McConnell Gets ‘Election Day’ Trending, but Not as He Intended
The Twitterverse is having a particularly intense reaction to Senate Majority Leader Mitch McConnell's latest line of attack against the House Democrats' political process overhaul.
Almost three months after the polls closed, "Election Day" has surfaced as a trending topic after the top Republican senator described the bill's provision making Election Day a federal holiday as a Democratic "power grab."
The legislation would grant federal workers the day off, the governmental signal of a national holiday that's widely followed by the private sector, and also would create a paid-leave benefit for government employees who work at polling places.
"So this is the Democrats' plan to 'restore democracy,'" McConnell said in a floor speech Wednesday, labeling the measure "a political power grab that's smelling more and more like what it is."
The reaction online has appeared to be almost universally negative, with many echoing the sentiment of Robert Reich, a secretary of Labor in the Clinton administration, who said that only McConnell "and Senate Republicans could manipulate something as benign and well intentioned as making Election Day a holiday into a vast left-wing conspiracy. It really shows how scared to death they are of the American people actually having a say in our democracy."
A few policymakers took to Twitter, however, to offer a compromise in the name of holding steady the number of federal holidays. Former Office of Government Ethics Director Walter Shaub, noting that a significant number of federal workers were in the military, proposed combining Veterans Day and Election Day.
A "power grab" to let people vote?He also says it's just a holiday for bureaucrats, almost 1/3 of whom are veterans. How about McConnell compromises by moving Veterans Day to the 1st Tuesday in November? What better way to honor veterans than by making it easier for them to vote? https://t.co/amgEOB2muY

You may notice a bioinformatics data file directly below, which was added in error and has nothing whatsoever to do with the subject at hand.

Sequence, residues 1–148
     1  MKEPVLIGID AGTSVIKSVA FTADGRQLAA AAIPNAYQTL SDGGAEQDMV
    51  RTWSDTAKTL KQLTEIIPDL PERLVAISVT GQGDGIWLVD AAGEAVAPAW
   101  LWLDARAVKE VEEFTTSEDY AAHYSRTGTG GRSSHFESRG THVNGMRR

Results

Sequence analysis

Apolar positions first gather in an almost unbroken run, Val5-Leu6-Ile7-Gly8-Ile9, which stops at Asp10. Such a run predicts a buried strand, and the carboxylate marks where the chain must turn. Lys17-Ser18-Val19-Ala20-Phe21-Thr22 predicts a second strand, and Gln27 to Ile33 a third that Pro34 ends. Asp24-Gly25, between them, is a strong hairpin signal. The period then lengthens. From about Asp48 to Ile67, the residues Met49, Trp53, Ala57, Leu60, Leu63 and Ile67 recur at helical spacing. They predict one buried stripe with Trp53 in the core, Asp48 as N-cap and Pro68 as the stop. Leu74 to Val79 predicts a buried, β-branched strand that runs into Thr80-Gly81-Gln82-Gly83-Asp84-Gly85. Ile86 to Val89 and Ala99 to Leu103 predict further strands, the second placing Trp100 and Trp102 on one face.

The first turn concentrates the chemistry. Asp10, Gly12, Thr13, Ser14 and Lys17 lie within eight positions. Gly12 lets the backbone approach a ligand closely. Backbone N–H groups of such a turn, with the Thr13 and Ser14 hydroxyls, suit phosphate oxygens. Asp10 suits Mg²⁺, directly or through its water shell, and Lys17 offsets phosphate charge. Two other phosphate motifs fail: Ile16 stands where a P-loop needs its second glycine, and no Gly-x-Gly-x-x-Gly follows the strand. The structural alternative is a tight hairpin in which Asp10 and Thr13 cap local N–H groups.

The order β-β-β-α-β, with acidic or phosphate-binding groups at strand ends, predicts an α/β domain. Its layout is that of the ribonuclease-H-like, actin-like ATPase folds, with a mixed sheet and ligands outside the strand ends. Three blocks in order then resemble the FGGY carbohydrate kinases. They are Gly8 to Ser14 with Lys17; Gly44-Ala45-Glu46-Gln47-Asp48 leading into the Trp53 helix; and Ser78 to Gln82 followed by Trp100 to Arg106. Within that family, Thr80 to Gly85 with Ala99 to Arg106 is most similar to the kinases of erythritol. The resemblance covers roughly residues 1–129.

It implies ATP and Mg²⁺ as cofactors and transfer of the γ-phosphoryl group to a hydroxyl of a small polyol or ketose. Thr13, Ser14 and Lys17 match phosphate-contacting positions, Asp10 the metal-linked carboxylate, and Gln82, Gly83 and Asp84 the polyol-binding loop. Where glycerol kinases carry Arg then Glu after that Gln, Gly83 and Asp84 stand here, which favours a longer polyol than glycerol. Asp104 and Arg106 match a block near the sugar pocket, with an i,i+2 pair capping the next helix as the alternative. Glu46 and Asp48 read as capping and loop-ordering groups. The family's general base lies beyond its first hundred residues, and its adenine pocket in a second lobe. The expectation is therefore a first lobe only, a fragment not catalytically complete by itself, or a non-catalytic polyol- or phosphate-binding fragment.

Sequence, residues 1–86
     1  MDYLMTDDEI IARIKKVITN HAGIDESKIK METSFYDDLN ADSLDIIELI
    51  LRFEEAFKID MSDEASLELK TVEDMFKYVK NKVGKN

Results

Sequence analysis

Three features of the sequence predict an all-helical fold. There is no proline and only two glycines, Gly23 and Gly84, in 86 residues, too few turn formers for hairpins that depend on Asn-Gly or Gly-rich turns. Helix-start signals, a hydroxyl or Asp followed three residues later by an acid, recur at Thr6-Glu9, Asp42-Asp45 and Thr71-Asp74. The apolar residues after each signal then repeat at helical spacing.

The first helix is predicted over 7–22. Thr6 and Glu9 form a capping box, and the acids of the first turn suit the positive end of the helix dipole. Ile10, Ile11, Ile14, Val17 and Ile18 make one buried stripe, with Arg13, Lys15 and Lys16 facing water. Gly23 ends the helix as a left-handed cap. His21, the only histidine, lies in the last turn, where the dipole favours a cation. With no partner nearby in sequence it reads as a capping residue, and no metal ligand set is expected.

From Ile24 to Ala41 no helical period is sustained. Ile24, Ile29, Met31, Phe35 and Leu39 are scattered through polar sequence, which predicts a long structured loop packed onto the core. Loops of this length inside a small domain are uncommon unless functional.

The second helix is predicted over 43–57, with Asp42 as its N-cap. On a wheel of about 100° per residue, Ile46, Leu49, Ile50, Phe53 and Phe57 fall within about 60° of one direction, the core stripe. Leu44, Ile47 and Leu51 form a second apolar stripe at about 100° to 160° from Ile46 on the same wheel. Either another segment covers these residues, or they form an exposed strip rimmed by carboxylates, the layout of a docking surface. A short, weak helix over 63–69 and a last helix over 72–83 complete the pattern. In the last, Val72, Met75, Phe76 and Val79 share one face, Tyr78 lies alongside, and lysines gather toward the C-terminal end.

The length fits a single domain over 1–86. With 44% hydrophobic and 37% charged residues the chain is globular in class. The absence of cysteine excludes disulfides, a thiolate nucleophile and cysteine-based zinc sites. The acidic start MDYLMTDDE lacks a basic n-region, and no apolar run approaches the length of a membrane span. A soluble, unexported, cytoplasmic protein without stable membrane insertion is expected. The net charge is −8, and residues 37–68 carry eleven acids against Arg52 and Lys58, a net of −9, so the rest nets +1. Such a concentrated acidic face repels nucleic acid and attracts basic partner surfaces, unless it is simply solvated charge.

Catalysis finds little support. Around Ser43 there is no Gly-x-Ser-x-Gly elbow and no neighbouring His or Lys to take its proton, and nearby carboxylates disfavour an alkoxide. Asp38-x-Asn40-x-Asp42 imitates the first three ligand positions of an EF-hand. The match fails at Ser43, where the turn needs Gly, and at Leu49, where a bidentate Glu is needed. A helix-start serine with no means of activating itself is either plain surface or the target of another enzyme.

— Walter Shaub (@waltshaub) January 30, 2019
Rep. Dean Phillips, a first-term Minnesota Democrat, proposed eliminating Columbus Day from the roster of 10 federal holidays and adding Election Day.
Sen. McConnell opposes making Election Day a holiday because he believes federal employees already have enough days off. So let's make a deal, and trade Columbus Day for Election Day. The day we vote is worthy of such reverence. Retweet if you agree. pic.twitter.com/ypOejyOsLe
— Rep. Dean Phillips (@RepDeanPhillips) January 31, 2019
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The Federal Election Commission has once again punted on establishing rules for identifying who is sponsoring online political advertisements. Thursday marked the fourth consecutive meeting in which the topic fell to the wayside without a clear path forward.
FEC Chairwoman Ellen Weintraub revived debate on the topic in June when she introduced a proposal on how to regulate online political ads. In her proposal, she said the growing threat of misinformation meant that requiring transparency for political ads was "a small but necessary step."
Vice Chairman Matthew Petersen and Commissioner Caroline Hunter put forth their own proposal soon after Weintraub, but the commissioners have failed to find any middle ground. At Thursday's meeting, a decision on the agenda item was pushed off to a later date.
Weintraub's proposal says the funding source should be clearly visible on the face of the ad, with some allowance for abbreviations. But Petersen and Hunter want to allow more flexibility for tiny ads that cannot accommodate these disclaimers due to space.
The California Supreme Court is fast-tracking its review of a challenge to a new law that would require President Trump to make public his tax returns in order to get on the state's ballot for the 2020 election.
A lawsuit seeking to block implementation of the law was filed August 6 by the California Republican Party against Secretary of State Alex Padilla. It claims the law violates California's constitution.
Two other challenges, one filed by Trump's personal lawyers, are pending in federal court.